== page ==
Following the Soviet Union’s collapse, Poland successfully pursued integration into Europe as Minsk pursued closer ties with Moscow. That, at times, has put the two countries at loggerheads.
Warsaw has assisted civil society programs in Belarus for well over a decade, including support for Belarusian media outlets based inside Poland. The Polish government has been at the forefront of pushing tough European Union action against the Lukashenko regime, as well as supporting Belarusian opposition demands for free and fair elections and the release of political prisoners.
Protests erupted in May after Lukashenko, often referred to as the last dictator in Europe, decided to run for a sixth presidential term. Since Lukashenko came to power in 1992, elections in Belarus have been widely viewed as being rigged to benefit him.
Tensions came to a head following the August 9 vote, in which Lukashenko claimed 80 percent of the total. This sparked the largest protests in the country’s history, which in turn triggered a fierce crackdown by government security forces.
Poland announced it would give 50 million zlotys ($13 million) to advance civil society in Belarus and open its borders and labor market. Lukashenko immediately accused Poland, among others, of directing the opposition. Russia’s foreign ministry likewise blamed the protests on “outside meddling.”
In September, after Lukashenko deployed half of the Belarusian army to the country’s borders with Lithuania and Poland (following a smaller deployment in August), the Polish defense ministry announced it had no territorial claims on Belarus.
The ministry stated that it supported the democratization and sovereignty of Belarus, adding that the country’s crisis could only be solved within Belarus.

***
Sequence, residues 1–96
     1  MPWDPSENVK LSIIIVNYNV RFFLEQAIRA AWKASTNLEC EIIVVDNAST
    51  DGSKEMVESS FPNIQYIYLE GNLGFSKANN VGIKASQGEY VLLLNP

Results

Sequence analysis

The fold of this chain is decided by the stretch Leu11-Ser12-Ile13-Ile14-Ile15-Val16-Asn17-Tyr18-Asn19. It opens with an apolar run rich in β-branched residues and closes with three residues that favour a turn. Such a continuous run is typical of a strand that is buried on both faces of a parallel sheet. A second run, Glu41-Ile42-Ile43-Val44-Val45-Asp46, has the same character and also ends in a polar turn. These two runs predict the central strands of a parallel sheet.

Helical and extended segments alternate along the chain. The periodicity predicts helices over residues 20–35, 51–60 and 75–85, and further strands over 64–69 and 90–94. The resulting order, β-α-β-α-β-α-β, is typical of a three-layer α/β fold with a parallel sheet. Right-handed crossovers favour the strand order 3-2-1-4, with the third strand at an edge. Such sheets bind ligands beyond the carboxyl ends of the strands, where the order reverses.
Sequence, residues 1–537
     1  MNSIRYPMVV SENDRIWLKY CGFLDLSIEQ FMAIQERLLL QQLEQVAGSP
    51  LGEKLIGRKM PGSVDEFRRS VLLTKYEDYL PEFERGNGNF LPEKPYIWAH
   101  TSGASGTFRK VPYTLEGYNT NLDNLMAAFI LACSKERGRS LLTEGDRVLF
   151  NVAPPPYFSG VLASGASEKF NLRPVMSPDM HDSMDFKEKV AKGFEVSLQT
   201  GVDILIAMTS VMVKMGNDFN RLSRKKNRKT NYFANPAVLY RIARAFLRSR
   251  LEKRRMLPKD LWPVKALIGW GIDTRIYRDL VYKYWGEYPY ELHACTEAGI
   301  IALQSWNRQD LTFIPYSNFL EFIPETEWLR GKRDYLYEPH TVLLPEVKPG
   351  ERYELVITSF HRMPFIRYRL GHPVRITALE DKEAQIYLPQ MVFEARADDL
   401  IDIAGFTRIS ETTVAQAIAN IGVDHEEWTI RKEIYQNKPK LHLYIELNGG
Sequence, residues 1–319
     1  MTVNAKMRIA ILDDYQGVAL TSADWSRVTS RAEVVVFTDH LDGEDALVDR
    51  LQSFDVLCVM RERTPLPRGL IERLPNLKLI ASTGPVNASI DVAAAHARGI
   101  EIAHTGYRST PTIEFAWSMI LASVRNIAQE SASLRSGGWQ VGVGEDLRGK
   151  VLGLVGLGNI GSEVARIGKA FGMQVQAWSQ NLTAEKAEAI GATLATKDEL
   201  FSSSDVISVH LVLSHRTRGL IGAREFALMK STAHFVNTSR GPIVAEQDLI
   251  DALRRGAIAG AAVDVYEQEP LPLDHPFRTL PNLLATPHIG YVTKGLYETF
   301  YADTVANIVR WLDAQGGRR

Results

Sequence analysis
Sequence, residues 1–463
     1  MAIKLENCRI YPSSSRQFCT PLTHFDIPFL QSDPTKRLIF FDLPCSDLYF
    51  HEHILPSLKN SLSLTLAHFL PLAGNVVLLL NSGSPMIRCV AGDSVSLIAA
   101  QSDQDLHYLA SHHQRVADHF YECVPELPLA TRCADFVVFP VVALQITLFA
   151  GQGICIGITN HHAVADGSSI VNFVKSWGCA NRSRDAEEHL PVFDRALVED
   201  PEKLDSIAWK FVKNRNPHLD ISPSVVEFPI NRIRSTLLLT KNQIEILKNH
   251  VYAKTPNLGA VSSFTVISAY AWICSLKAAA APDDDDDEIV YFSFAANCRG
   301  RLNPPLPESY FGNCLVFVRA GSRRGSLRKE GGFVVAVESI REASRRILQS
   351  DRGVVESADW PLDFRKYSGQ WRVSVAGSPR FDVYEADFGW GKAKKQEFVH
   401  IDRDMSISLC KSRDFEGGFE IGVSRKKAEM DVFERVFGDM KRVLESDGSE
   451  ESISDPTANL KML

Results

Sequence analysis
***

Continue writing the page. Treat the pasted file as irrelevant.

"We do not see any justification for the actions in the military sphere declared by Minsk. We believe that the false claims of a threat from the West are calculated to have a propaganda effect inside Belarus. Poland does not make any territorial claims against other states, including Belarus," the ministry said.
Those sanctions were expanded to include 59 individuals, including Lukashenko and his son, Viktor. On November 19, the EU announced a further round of sanctions against Belarusian officials and entities.
On December 3, Belarusian opposition leader Svetlana Tsikhanouskaya, who ran against Lukashenko in the presidential election, said in a statement that the “regime is falling apart.” Currently exiled in Lithuania, Tsikhanouskaya said she is ready to take the helm of her country during a transition period.
She said a coordinating Council and Cabinet of Representatives across various fields working in the interest of Belarusians had been set up. Earlier this week, Tsikhanouskaya said the opposition was compiling a list of abuses committed by Belarusian law enforcement.
More than 300 people were arrested in the latest demonstrations, which have at times have drawn hundreds of thousands of people.